Europe has seen a troubling surge in both state and private efforts to restrict criticism of Israel or support of “the Palestinian cause”, since Hamas’s atrocious attack on October 7 which killed 1200 Israelis, and Israel’s near-immediate retaliatory bombings that have killed more than 12,000 Palestinians. This is usually accompanied by the stated goal of protecting against anti-Semitism. But how is anti-Semitism defined, why so, and with what consequences?
In announcing their measures, most European states refer to a controversial definition of anti-Semitism endorsed by the International Holocaust Remembrance Alliance (IHRA) in 2016. This definition largely focuses on examples that include criticisms of Israel, leaving it open to manipulation for political aims. More recently, in 2021, a group of scholars from Holocaust, anti-Semitism, and genocide studies published the Jerusalem Declaration on Antisemitism (JDA), offering more specific guidelines for identifying anti-Semitism, particularly with regard to criticism and debate around the Israeli-Palestinian conflict and Zionism. Notably, the IHRA’s statement since October 7 focused rather on addressing anti-Semitism “regrettably homegrown in all our societies” and the danger of “blaming Jews for Israel’s actions.”
With these definitions in mind, how can we address the very real rise of anti-Semitism and Islamophobia in Europe against the backdrop of the Israel-Hamas war? How can we avoid entrenched positions that frame the Israel-Hamas war as a war between Jews and Palestinians? This panel discusses the dangers of discursively conflating Jews with the state of Israel and Palestinians (and pro-Palestinian voices) with Hamas and considers how to more productively define, recognize, and protect against anti-Semitism (acts or speech against “Jews as Jews”) and Islamophobia in the current climate.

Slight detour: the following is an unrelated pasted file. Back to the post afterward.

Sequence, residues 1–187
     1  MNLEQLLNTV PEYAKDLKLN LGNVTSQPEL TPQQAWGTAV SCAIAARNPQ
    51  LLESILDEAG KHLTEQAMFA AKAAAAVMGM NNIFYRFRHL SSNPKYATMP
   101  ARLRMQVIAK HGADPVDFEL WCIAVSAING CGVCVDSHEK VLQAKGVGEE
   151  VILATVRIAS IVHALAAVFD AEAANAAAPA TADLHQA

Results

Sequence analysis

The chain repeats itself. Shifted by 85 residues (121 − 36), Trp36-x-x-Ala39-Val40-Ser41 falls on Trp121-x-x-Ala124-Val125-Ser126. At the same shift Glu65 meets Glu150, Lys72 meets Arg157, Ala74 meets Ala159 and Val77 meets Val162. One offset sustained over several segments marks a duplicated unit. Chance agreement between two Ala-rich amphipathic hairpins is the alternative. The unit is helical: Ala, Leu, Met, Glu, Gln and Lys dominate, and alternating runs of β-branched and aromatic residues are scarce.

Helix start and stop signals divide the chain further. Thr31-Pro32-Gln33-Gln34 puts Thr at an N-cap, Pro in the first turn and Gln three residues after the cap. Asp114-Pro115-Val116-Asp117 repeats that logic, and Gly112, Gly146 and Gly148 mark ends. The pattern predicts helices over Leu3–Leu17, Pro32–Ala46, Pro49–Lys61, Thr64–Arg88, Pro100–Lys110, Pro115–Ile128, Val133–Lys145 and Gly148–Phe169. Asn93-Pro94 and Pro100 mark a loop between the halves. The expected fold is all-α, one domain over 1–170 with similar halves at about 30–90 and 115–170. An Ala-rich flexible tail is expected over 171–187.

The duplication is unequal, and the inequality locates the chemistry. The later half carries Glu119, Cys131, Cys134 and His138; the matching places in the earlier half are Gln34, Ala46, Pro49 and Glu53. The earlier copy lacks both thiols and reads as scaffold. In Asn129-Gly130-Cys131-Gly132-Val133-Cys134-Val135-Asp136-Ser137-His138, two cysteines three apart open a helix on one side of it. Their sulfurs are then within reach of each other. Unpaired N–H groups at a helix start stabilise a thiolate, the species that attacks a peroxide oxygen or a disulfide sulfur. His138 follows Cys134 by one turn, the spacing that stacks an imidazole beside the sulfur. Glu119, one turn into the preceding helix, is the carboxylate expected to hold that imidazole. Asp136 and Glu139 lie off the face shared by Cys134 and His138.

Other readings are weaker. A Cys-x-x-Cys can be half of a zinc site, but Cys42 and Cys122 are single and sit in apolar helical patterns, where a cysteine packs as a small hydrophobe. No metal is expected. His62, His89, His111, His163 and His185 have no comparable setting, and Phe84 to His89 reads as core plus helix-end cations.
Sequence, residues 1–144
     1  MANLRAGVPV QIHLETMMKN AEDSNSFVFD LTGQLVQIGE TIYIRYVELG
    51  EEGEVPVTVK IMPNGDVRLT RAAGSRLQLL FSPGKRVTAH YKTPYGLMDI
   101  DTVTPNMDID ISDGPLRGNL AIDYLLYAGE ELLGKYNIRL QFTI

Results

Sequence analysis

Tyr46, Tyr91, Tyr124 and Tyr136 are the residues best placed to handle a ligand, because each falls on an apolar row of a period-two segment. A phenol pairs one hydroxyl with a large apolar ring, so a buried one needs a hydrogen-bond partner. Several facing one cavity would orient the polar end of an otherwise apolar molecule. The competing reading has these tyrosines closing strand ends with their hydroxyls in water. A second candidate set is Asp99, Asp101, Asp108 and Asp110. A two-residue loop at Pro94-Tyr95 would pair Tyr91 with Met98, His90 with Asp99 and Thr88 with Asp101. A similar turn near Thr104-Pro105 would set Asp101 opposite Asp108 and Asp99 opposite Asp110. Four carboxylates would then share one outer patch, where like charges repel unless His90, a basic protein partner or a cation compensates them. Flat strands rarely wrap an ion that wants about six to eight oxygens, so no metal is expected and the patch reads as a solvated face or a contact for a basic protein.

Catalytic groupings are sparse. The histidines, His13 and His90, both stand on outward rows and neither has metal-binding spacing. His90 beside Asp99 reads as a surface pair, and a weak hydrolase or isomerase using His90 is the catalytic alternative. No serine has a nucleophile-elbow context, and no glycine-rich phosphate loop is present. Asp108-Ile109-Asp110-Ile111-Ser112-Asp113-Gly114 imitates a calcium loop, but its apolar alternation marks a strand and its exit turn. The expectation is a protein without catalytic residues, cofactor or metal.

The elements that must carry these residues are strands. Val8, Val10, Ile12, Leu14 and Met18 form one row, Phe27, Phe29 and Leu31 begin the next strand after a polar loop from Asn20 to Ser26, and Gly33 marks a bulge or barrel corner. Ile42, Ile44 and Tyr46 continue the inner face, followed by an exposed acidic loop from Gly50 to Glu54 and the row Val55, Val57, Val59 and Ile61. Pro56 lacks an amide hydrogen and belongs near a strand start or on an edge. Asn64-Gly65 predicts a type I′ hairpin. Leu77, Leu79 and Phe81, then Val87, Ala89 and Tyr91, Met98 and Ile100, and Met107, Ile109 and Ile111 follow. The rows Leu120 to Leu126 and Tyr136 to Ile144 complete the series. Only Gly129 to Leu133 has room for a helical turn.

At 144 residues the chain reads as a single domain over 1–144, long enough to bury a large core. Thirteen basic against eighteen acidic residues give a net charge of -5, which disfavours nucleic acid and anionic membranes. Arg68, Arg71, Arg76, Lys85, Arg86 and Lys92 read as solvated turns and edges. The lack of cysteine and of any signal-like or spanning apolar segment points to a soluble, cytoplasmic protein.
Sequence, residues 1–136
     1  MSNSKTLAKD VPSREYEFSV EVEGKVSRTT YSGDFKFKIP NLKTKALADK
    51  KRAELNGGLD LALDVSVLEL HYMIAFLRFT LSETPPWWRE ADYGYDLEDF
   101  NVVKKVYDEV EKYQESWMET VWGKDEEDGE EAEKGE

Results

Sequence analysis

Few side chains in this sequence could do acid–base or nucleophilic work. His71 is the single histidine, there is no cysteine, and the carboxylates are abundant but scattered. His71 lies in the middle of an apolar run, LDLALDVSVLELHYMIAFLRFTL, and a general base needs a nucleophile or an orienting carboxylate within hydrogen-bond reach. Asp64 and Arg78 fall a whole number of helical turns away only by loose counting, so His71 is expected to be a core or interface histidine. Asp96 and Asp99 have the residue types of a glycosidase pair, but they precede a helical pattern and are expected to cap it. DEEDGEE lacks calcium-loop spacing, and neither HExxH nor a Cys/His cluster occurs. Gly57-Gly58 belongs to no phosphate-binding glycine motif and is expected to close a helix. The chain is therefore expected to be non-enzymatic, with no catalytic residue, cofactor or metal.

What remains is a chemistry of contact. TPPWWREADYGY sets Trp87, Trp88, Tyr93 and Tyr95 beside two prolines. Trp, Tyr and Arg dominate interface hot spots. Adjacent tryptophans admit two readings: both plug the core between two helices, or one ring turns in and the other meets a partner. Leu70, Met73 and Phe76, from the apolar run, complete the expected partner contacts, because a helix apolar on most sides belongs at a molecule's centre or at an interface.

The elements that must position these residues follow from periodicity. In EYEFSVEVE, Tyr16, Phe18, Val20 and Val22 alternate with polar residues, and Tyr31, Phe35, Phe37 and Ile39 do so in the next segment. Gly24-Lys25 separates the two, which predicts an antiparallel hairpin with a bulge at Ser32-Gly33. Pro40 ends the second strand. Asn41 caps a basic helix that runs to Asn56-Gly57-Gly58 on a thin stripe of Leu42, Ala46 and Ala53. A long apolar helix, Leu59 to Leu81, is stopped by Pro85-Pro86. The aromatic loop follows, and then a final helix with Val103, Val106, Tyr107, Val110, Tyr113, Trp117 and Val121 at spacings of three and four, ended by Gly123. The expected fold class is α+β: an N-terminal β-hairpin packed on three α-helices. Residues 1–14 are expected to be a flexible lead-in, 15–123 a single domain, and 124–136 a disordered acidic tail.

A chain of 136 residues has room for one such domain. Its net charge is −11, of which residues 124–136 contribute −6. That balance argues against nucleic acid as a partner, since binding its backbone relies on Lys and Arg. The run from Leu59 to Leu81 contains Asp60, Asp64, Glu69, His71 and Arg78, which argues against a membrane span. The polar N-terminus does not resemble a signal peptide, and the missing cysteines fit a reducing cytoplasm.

About the speakers
Jessica Feldman is an Assistant Professor / Enseignante-Chercheuse in Communication, Media, and Culture at the American University of Paris and a fellow at the Netherlands Institute for Advanced Study (NIAS). She researches the political ramifications and potentials of emerging digital technologies (AI, digital security); specifically their capacity to facilitate or repress solidarity and collective self-governance.
Ayşenur Korkmaz is a research fellow at the Netherlands Institute for Advanced Study (NIAS) in Amsterdam. She earned her Ph.D. from the University of Amsterdam, at the department of European Studies. Her current work focuses on the multifaceted aftereffects of the Armenian genocide in Soviet and post-Soviet Armenia. She explores how the genocide survivors and their descendants in Armenia have been reflecting on the violent past, losses, and expulsion from the ancestral homeland.
Jan Willem Duyvendak (moderator) is Distinguished Research Professor of Sociology at the University of Amsterdam and Director of NIAS-KNAW. His main fields of research currently are the transformation of the welfare state, belonging and “feeling at home,” and nativism. His latest books include Thuis. Het drama van een sentimentele samenleving (Amsterdam University Press 2017), Macht der gewoonte. Populisme in de polder (Walburg Pers 2022, with Menno Hurenkamp) and The Return of the Native. Can Liberalism Safeguard Us Against Nativism? (Oxford University Press 2022, with Josip Kešić).